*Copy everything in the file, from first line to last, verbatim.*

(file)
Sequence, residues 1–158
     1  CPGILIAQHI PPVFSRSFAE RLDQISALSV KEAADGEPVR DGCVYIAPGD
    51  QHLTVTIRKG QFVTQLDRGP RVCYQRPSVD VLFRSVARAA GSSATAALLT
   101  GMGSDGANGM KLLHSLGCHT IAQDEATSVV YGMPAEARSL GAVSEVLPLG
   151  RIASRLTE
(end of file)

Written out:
Sequence, residues 1–158
     1  CPGILIAQHI PPVFSRSFAE RLDQISALSV KEAADGEPVR DGCVYIAPGD
    51  QHLTVTIRKG QFVTQLDRGP RVCYQRPSVD VLFRSVARAA GSSATAALLT
   101  GMGSDGANGM KLLHSLGCHT IAQDEATSVV YGMPAEARSL GAVSEVLPLG
   151  RIASRLTE